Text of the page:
BACK TO SCHOOL: Erin Cosgrove’s Urfathrer Adams has eyes on a UNLV history of photography class at the Marjorie Barrick Museum. It is the first week of the 2016 fall semester and the current exhibition, FIVE, closes September 10. The gallery was quickly put to use as an art laboratory. It helps to hear about the work, and it becomes a refresher how to rethink art works, said Lauren Vaccaro, a senior majoring in Art History. “It’s also good to hear how others interpret art.”
The Las Vegas artist who did the life-size, nude statues of Trump says more will be created. He owns the mold. I Las Vegas Review Journal
SAVED MURAL: In Los Angeles, Yreina Cervantez's ‘La Ofrenda’ (1990) has been restored I SPARC
TACO PARTY: Frankly, Trump's presidential campaign can easily prompted a weekly Link + Ink dedicated to all the commentary. Below are just two from the current batch responding to Marco Gutierrez, the founder of Latinos for Trump who warned that mobile food is a threat from an "imposing" culture I NYTimes
“In the days when black-and-white photography reigned, professional colorists took on the task of creating technicolor views by meticulously painting pictures by hand.” From "When Photographs Were Colored By Hand" via Hyperallergic.
It's about time. Robert Williams, founder of Juxtapoz Magazine, has a solo show. It will be in his hometown in New Mexico, at the Center for Contemporary Arts, Sante Fe.
No beard for Bard? Shakespeare's portrait to be cleaned. May cost the playwright his facial hair, reports Daily Mail
Frieze ends its five-part series "looking back at the most significant exhibitions from the past 25 years"
Vulture sent comedian Eric André to the streets to critique New York City's public art.
Artsy offers four walking tours of New York's public art organized by neighborhood.
The NYTimes plans to kill regional art coverage.
3D is Banksy, says investigative journalist Craig Williams, who tracked a fw patterns. He makes a compelling argument that Robert “3D” Del Naja, the founding member of Massive Attack, is the elusive graffiti artist Banksy. I Daily Telegraph
Greg Gossel "I Need You!" Silkscreen ink, enamel, acrylic, and collage on canvas 65" x 57"
Arts Writer Liz Ohanesian on Corey Helford Gallery's 10th-anniversary show in Los Angeles. "It isn't a typical gallery exhibit. Think of this more like a museum exhibition, a mazelike journey through a cavernous space filled with an almost overwhelming amount of art." The show runs until September 24 I LA Weekly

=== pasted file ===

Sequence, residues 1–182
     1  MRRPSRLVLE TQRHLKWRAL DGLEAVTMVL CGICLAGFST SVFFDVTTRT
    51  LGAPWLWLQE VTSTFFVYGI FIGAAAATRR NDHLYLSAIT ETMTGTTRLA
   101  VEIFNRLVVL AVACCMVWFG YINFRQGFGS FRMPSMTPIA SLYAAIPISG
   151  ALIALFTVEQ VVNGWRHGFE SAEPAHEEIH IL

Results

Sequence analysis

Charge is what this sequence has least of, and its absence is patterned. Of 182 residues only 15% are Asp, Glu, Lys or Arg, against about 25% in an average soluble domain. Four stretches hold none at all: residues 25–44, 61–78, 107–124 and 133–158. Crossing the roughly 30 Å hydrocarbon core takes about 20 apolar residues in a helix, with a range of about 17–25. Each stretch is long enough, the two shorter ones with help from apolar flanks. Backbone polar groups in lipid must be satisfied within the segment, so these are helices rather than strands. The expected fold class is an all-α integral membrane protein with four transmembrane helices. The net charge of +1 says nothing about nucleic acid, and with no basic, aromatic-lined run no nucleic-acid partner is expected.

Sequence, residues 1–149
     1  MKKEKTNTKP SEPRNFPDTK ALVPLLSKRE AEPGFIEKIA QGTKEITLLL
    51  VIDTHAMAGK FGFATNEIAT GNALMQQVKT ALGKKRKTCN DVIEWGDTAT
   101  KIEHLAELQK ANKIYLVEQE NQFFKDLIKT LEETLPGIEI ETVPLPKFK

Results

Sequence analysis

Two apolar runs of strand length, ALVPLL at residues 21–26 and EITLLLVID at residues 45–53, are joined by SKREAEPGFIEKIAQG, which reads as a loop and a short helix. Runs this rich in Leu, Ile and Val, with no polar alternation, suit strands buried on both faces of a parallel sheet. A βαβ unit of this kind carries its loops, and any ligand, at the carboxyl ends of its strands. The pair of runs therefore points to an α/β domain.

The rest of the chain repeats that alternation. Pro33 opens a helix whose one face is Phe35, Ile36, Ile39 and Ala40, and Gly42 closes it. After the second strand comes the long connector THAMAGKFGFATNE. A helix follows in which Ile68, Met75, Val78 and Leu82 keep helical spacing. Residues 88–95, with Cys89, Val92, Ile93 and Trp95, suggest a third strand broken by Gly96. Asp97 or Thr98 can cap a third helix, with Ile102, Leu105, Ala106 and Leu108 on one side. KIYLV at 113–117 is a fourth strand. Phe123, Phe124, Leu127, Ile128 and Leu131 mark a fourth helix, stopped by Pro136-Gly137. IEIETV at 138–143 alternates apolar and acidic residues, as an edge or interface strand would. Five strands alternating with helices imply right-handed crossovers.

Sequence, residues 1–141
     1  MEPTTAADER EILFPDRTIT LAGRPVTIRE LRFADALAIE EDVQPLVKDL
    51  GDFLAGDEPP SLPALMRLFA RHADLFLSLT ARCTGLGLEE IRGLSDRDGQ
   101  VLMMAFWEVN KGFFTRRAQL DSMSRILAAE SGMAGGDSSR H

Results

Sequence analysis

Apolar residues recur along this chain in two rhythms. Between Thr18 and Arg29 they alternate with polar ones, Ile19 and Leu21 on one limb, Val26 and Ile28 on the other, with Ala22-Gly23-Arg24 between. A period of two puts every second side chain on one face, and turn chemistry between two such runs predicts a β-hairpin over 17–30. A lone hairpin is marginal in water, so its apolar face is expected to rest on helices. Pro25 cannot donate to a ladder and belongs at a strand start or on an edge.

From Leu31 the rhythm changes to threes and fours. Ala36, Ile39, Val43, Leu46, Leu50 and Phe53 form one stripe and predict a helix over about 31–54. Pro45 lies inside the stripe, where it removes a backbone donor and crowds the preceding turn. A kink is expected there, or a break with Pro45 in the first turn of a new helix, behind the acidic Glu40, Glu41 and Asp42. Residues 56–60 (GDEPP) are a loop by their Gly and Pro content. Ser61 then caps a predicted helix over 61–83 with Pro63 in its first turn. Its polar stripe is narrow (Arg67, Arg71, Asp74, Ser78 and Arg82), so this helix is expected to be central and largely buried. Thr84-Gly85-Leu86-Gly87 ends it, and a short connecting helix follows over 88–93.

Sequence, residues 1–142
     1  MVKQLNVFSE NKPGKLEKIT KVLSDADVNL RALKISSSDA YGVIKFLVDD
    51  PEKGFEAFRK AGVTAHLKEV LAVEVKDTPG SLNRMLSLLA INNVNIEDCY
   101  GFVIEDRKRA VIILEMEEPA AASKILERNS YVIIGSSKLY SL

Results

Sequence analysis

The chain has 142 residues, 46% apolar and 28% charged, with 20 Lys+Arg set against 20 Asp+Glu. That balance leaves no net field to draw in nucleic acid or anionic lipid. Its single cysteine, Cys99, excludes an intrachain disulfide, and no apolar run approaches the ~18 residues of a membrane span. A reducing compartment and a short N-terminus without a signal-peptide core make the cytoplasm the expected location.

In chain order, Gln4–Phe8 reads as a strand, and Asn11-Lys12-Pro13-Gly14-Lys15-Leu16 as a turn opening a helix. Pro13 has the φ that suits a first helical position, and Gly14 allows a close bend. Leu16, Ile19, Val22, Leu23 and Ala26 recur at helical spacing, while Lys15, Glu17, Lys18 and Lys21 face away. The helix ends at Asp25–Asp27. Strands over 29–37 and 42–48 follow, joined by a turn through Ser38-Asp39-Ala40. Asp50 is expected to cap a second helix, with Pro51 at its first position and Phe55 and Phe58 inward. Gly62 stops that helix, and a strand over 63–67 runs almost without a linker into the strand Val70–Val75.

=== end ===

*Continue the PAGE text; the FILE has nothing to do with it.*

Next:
Arts Council Malta is the government agency that uses street art as a teaching point, reports the NYTimes. "Most cities around the world denounce, or grudgingly tolerate, painting on public property. But on the Mediterranean island of Malta, the process is encouraged." I NYTimes
"Smartly focused and radically open-ended, the exhibition brings together a fascinating mass of data that incites — and inspires — visitors to think for themselves," writes David Pagel in "Imaginative show at the Center for Land Use Interpretation looks at how we memorialize our presidents" at the LA Times.
“Galleries find me on Instagram,” says artist Dan Lam. “They reach out to me and they ask to be a part of shows. It’s crazy. Like, you know there’s all these books out with information about how artist can make it or whatever and it doesn’t even touch on how Instagram needs to be a very crucial part of your strategy.” Art and Seek
Tony Hsieh hesitated during early negotiations for Big Rig Jig, according to a report by Kristy Totten in the Las Vegas Weekly one year ago. "Then he received this email, allegedly written by Banksy: 'I feel strongly Big Rig Jig is probably the first sculptural masterpiece of the post-industrial age and we want to exhibit it accordingly. Importance is measured in influence, and you can never be sure, but I’m confident in 20 years time Big Rig Jig will be cited by a whole new generation of artists as a touchstone in modern sculpture. It should be in every textbook of art history that covers this age and this won’t happen from photos at Burning Man alone.' "
Above: Krystal Ramirez “I Want to See More Brown Bodies” from 2017 will be reassembled at UNLV’s Barrick Museum of Art in Spring 2018.